This is a reprint of an article published on www.statecollege.com on March 15, 2018. You may view an expanded version of this story on our Facebook page.
Middle school students at State College Friends School joined others around the country on Wednesday in participating activities to remember the victims of the shooting at Marjory Stoneman Douglas High School in Parkland, Fla., and advocate for school safety.
But they've also undertaken another initiative to show their support for the Stoneman Douglas community.
They've been hand writing on paper hearts messages such as “You are not alone,” “We support you,” and “You are strong,” to send to the high school's 2,972 students, with the goal of brightening their days, if only for a moment.
Bailey Kellermann, middle school teacher, said in a release that on Feb. 14, the day of the shooting that claimed the lives of 17 Stoneman Douglas students and faculty, Friends School students were sharing affirmation hearts with each other, a Friends School Valentine's Day tradition.
“As the news broke in waves over our community, one of the most surprising reactions was resignation: school shootings and gun violence are now the reality in America,” Kellermann said. “But this is not the world I want to live in. I cried. I pondered. I felt helpless. I tried to picture my students in that situation. I cried some more.”
Kellerman soon learned through social media that a teacher at the Parkland school was requesting letters of support and encouragement for the survivors.
She pitched the idea to the students: each would write 125 affirmation hearts, one for each of the high school's students with some left over for teachers and staff.
She knew it was a lot, but every student immediately agreed and they spent hours writing, cutting out and filling bins with thousands of hearts with messages of support.
“When I learned about the shooting, I was so sad,” said eighth-grade student Miranda Morrison. “I imagined what it would be like to be in that school, to see my friends or my brother be killed. When Teacher Bailey brought up the affirmation idea, I was excited to participate.”
Morrison said after several days their hands hurt, "but we felt it was important to reach out and let the students know we care about them.”
Kellerman said the students' efforts made her proud and optimistic about the future.
“Each affirmation they wrote reminded me that this is the world I want to live in; these young adults make it so."
Dr. Martin Luther King’s birthday has come and gone, but students at State College Friends School continue to learn about civil rights. On Thursday, February 1, children in 2nd and 3rd grades were treated to a visit by Julia Williams, the grandmother of 2nd-grade student Jade Dickens. Born and raised in Statesboro, Georgia, during the 1940s through the 1960s, Julia spoke with the children about her experiences with segregation.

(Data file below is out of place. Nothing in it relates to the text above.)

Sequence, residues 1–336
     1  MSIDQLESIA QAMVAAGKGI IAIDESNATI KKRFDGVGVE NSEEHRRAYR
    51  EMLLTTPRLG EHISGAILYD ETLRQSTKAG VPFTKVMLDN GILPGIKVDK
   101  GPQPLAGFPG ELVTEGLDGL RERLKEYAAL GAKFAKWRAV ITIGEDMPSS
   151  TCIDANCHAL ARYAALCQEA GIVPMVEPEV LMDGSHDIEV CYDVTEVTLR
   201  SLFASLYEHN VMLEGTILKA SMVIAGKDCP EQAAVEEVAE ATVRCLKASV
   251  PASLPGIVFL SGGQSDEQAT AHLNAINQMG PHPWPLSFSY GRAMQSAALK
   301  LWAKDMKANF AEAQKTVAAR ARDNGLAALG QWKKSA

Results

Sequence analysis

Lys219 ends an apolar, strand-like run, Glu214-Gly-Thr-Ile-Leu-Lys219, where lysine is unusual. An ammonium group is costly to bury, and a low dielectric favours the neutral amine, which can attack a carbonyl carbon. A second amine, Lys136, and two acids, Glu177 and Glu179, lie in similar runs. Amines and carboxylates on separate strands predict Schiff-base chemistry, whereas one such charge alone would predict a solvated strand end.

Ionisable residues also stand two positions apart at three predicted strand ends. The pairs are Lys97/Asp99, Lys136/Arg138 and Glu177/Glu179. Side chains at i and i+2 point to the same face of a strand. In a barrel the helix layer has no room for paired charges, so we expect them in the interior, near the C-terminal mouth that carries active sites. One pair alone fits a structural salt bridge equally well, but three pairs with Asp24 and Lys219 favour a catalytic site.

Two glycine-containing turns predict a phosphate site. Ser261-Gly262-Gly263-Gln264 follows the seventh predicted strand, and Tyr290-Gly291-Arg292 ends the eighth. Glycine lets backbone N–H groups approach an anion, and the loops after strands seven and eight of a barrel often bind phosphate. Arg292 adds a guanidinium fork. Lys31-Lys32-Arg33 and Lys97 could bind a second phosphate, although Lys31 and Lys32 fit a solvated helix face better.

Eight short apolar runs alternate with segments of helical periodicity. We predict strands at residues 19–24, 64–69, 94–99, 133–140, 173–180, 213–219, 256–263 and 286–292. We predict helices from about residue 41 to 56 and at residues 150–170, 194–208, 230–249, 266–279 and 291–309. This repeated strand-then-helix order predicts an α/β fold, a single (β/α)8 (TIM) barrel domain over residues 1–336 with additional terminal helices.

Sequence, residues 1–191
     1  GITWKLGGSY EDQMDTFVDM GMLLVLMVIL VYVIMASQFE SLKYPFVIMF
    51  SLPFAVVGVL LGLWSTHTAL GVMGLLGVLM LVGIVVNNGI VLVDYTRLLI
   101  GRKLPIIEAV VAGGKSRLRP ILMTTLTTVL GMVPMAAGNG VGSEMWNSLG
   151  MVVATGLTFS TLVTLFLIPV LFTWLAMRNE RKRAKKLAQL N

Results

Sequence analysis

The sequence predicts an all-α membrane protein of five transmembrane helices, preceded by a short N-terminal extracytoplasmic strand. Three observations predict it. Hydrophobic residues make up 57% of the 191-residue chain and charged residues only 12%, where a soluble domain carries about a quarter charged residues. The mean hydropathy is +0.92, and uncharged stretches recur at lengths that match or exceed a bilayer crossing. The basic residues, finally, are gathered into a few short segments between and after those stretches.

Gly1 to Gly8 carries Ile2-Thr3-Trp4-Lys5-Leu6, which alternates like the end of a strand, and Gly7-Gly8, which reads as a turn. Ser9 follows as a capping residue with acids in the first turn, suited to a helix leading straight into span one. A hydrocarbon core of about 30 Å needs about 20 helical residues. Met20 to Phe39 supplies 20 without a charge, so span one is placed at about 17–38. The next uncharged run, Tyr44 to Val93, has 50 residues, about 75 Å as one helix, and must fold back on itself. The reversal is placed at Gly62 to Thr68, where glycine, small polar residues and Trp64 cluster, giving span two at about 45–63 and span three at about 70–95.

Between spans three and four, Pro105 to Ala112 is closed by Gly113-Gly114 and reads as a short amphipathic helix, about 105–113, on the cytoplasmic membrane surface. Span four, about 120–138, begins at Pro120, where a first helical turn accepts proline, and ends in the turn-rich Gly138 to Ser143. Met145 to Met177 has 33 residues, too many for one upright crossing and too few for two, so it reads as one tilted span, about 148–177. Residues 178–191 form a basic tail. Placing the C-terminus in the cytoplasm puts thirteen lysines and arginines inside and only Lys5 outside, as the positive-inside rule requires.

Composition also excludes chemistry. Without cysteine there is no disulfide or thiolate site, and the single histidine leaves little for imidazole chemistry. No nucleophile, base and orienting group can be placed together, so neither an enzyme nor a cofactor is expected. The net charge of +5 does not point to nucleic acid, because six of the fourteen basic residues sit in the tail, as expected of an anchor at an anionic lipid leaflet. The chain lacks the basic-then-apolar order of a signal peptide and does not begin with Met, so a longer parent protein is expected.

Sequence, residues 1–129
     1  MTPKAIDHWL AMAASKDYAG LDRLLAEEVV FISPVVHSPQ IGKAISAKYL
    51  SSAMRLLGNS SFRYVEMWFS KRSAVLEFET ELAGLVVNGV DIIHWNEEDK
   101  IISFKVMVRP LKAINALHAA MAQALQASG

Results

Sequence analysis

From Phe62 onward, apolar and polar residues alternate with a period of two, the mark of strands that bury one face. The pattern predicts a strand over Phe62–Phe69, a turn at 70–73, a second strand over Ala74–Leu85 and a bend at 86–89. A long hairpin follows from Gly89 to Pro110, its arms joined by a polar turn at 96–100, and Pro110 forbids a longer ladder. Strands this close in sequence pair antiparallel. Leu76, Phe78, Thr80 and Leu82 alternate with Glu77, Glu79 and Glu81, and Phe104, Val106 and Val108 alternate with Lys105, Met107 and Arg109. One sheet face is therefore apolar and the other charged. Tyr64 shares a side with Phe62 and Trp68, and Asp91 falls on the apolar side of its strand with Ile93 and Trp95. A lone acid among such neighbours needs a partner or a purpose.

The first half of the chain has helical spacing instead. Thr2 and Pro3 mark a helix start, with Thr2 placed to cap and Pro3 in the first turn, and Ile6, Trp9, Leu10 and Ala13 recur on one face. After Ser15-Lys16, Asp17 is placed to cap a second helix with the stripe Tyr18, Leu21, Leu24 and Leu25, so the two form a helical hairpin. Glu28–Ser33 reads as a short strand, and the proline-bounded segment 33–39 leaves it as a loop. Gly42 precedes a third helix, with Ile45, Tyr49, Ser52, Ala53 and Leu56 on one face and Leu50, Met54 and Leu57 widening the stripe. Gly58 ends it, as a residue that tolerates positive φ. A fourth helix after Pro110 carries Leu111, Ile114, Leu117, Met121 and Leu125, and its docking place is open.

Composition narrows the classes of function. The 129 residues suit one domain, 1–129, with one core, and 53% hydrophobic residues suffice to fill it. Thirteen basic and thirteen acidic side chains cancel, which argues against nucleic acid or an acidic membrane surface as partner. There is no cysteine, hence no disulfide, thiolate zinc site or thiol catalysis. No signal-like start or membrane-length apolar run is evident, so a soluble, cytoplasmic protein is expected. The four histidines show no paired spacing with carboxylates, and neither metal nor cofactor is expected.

According to Joanne Thurston-Griswold, a 2nd/3rd-grade teacher at the school, the visit followed the children’s field trip to the Bellefonte Art Museum’s Underground Railroad exhibit and the Friends School’s annual “time in” on Martin Luther King Day to learn about and reflect on the importance of equality, one of the core values emphasized at the school. The Friends School is the only school in the State College area that is in session on Martin Luther King Day.
“How were you discriminated against?” one of the students asked Julia. Having spent several weeks learning about the civil rights movement, the children were not surprised by Julia’s response. She spoke about her experiences being excluded from restaurants, being forced to give up her seat on the bus for white patrons, receiving hand-me-down textbooks at her all-black elementary school, and running away from white children as they threw rocks at her and called her names.
The children were, however, shocked to learn that Julia’s brother had participated in setting fire to a restaurant that refused to serve blacks. The restaurant had been closed for business at the time and the arson did not harm anyone. Julia explained that some people, like Martin Luther King, chose to use peaceful measures to bring about change, while others chose more forceful measures.
The idea that sometimes people choose to break the law in order to change those laws for the better is something that the children had already considered following their trip to the Bellefonte Art Museum’s Underground Railroad exhibit. In their class discussion of the field trip, one child asked how lying to the police in order to harbor and protect a runaway slave fit with the concept of integrity—another of the core values emphasized at the Friends School. The children all agreed that the abolitionists were right to break the law in that case because doing so was the true act of integrity.
Other questions the students had for Julia included, “Were you a slave?” “Did you hear Sojourner Truth’s speeches?” and “Did you know Harriet Tubman?” “It was a valuable lesson for the students to learn about the order of events,” said Joanne.
Julia explained that she had not been a slave, although her great grandfather had been. “I was born after slavery was abolished,” she said. “My generation followed and benefited from the efforts of Sojourner Truth and Harriet Tubman.” It also benefited from the important people who worked on behalf of equality during her own time—Martin Luther King and Ruby Bridges, for example, she added.